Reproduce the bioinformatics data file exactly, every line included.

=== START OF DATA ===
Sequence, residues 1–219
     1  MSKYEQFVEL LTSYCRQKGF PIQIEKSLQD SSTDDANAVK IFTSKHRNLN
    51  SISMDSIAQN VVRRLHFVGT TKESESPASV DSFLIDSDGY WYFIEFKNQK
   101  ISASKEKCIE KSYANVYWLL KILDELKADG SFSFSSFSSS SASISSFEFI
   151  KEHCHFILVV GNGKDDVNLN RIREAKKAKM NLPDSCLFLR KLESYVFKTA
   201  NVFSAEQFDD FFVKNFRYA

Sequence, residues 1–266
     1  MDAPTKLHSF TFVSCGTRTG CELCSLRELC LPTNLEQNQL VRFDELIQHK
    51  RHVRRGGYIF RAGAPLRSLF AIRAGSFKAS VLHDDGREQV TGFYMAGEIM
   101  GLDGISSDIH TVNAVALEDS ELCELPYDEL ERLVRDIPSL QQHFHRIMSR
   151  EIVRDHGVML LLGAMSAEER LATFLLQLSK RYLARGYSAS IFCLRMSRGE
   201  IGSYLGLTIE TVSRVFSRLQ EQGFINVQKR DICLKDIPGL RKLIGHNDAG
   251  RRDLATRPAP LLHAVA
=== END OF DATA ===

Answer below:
Sequence, residues 1–219
     1  MSKYEQFVEL LTSYCRQKGF PIQIEKSLQD SSTDDANAVK IFTSKHRNLN
    51  SISMDSIAQN VVRRLHFVGT TKESESPASV DSFLIDSDGY WYFIEFKNQK
   101  ISASKEKCIE KSYANVYWLL KILDELKADG SFSFSSFSSS SASISSFEFI
   151  KEHCHFILVV GNGKDDVNLN RIREAKKAKM NLPDSCLFLR KLESYVFKTA
   201  NVFSAEQFDD FFVKNFRYA

Sequence, residues 1–266
     1  MDAPTKLHSF TFVSCGTRTG CELCSLRELC LPTNLEQNQL VRFDELIQHK
    51  RHVRRGGYIF RAGAPLRSLF AIRAGSFKAS VLHDDGREQV TGFYMAGEIM
   101  GLDGISSDIH TVNAVALEDS ELCELPYDEL ERLVRDIPSL QQHFHRIMSR
   151  EIVRDHGVML LLGAMSAEER LATFLLQLSK RYLARGYSAS IFCLRMSRGE
   201  IGSYLGLTIE TVSRVFSRLQ EQGFINVQKR DICLKDIPGL RKLIGHNDAG
   251  RRDLATRPAP LLHAVA